Mother writes of painful loss, offers help
Published 12:00 am Friday, August 26, 2011
“Joy in the Mourning: A Story of Life After Death,” by Deborah Wiiliams Rodenhizer. Tate Publishing. 108 pp. $11.99.
By Deirdre Parker Smith
SALISBURY — Losing a child is a parent’s worst nightmare.
Losing that child to suicide goes beyond nightmare and into hellish territory.
The guilt is enormous, only to be topped by the pain, then surrounded with misunderstanding, blame, grief.
Deborah Williams Rodenhizer’s son killed himself in 2004. Deepening her pain was the fact that Christopher had been molested as a child.
Her emotions must have been unbearable.
But she had the courage to write about her suffering in order to help others. It’s a very personal story.
She writes in her introduction: “You can find comfort and relief for your pain. You will live on, and in doing so, you will carry the best of the person that you lost along with you.”
Even as a baby, his mother writes, he seemed to be an old soul, but he loved nature in every form. She describes him as contemplative and caring, expecially for the underdog. Christopher expected a lot of himself and sometimes backed away if he was afraid he could not grasp success.
After his death, all his mother wanted to do was talk about him, remember who he was and how much he contributed.
Some people did not respond well. They were so uncomfortable about the circumstances that they did not want to hear her or talk about Christopher at all.
She writes: “I want you to know him for who he was, not how or why he died.”
As she learns about his death, she is shocked beyond belief to learn Christopher was the victim of a violent sexual assault when he was 9.
She beats herself up for not seeing the signs, admits she was rather naive, and begins to remember some conversations and reactions he had as a young teen. Still, he never spoke a word about it to her.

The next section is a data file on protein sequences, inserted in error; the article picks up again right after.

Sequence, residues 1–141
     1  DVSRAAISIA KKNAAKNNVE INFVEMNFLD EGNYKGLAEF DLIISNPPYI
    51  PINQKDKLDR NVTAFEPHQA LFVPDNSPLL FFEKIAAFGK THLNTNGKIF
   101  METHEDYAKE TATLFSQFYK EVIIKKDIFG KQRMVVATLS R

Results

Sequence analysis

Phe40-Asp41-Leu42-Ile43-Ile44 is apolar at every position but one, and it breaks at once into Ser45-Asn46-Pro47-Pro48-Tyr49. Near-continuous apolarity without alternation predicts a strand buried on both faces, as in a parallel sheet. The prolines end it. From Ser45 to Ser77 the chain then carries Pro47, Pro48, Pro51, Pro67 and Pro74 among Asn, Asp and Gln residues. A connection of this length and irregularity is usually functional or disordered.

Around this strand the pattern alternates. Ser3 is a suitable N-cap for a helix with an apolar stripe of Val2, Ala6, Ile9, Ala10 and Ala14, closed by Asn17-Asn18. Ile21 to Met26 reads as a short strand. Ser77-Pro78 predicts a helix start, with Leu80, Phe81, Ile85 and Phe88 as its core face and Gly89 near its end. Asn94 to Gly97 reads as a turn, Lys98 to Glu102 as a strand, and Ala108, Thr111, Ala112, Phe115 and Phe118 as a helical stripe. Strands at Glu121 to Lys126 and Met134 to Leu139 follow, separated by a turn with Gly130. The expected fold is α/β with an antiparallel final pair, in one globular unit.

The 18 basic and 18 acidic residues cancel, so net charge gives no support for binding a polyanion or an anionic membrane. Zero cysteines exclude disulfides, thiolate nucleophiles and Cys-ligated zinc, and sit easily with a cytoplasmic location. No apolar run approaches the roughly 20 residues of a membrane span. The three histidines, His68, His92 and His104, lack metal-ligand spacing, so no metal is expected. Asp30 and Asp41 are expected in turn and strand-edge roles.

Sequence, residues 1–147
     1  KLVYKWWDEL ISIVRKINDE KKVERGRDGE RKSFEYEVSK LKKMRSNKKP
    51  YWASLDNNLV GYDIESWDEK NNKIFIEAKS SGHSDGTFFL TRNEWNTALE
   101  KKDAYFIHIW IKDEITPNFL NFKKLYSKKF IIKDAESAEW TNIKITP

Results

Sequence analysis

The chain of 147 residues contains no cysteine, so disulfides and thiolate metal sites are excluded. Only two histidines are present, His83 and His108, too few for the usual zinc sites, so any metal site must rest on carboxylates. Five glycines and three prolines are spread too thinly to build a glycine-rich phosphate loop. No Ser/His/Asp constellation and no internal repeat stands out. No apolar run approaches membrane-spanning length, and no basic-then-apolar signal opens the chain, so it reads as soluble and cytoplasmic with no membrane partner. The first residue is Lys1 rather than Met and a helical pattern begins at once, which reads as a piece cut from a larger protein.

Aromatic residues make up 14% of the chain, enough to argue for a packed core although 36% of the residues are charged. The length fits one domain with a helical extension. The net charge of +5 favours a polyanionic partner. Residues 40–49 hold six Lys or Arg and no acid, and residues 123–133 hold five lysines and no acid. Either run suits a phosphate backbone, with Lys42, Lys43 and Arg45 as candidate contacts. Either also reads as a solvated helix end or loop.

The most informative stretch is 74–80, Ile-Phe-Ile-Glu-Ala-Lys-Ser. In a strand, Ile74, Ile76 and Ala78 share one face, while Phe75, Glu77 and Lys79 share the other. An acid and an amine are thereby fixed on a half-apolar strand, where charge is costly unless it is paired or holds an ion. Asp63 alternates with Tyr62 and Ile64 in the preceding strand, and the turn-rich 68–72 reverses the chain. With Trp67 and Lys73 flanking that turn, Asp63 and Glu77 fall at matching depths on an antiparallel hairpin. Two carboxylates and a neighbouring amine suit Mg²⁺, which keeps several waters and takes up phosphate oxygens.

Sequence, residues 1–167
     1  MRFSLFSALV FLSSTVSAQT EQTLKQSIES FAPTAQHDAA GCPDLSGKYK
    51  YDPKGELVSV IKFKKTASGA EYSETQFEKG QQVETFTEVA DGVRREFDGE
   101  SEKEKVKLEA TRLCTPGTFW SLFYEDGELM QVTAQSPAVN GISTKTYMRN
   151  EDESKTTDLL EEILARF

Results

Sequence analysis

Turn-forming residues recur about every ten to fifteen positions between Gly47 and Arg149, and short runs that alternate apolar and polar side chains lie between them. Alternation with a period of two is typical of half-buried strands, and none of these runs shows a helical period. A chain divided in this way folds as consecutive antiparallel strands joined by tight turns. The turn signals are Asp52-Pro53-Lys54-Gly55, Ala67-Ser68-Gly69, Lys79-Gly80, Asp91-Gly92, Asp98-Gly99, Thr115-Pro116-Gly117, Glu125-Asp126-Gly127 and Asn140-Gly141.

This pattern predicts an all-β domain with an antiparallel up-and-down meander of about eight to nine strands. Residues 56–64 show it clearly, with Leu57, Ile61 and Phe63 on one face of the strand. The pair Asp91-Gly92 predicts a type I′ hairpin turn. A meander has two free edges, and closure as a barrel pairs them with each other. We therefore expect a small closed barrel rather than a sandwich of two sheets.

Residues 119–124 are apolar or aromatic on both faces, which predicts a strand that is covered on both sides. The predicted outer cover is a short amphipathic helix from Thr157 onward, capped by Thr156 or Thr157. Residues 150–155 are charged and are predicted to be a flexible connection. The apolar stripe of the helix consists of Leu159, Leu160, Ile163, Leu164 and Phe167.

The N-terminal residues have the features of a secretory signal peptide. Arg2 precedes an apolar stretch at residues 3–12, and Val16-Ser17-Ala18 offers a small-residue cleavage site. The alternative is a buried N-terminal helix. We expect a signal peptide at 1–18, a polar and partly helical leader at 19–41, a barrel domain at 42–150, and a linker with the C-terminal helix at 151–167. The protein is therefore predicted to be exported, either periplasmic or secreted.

Christopher tells his wife, Carrie, about it, but swears her to secrecy, so she, too, never told his family.
Rodenhizer deals with searing anger at the rest of the world, then crushing guilt, then fear that something could happen to her other sons.
Carrie is pregnant when Christopher kills himself, and when the girl is born, Rodenhizer devotes her life to Cordelia, the last vestige of her son.
As Rodenhizer tells her story, she drops bits of hope along the way. She says it does not matter how a person dies, the loss is important and must be acknowledged. She urgers those in mourning to create memorials and ways to remember the good things about their loved one.
Life does go on, and Rodenhizer focuses on her two other sons who were deeply affected by their brother’s death.
She writes how men grieve differently: “In order to move on, they seem to have a need to put the event in a box and not look at it.”
Women want to talk and share grief, causing problems in a marriage, with survivors and even friends.
Although Rodenhizer was a church member, she did not attend Sunday school. Her other sons were unchurched, and so the church did not minister to any of them.
Of course, she was resentful, and when she confronted her pastor, she got little understanding.
Here she begins to develop her own close relatioship with God, relying on friends and family for prayer and support, and gladly receiving it from them.
She urges those who are grieving to find a counselor or adviser who is spiritually mature.
She begins to see Satan as the one who brings her down, brings doubts, anger and fear, spreading evil through her.
Increasingly, she feels the need to reconnect with God.
She blames Satan for clouding Chrisptopher’s mind and decides she is going to fight to turn back that evil.
“The key was focusing on God and his truths.”
In her epilogue, she writes that she has returned to her church and started a study group that meets her needs and the needs of other women.
In addition to writing this book, Rodenhizer has become more involved in a non-profit ministry; she has counseled people who are grieving; and she has allowed friends and colleagues to tell their own stories of abuse.
While none of this brings her son back, she has found a way to manage her suffering and celebrate his life.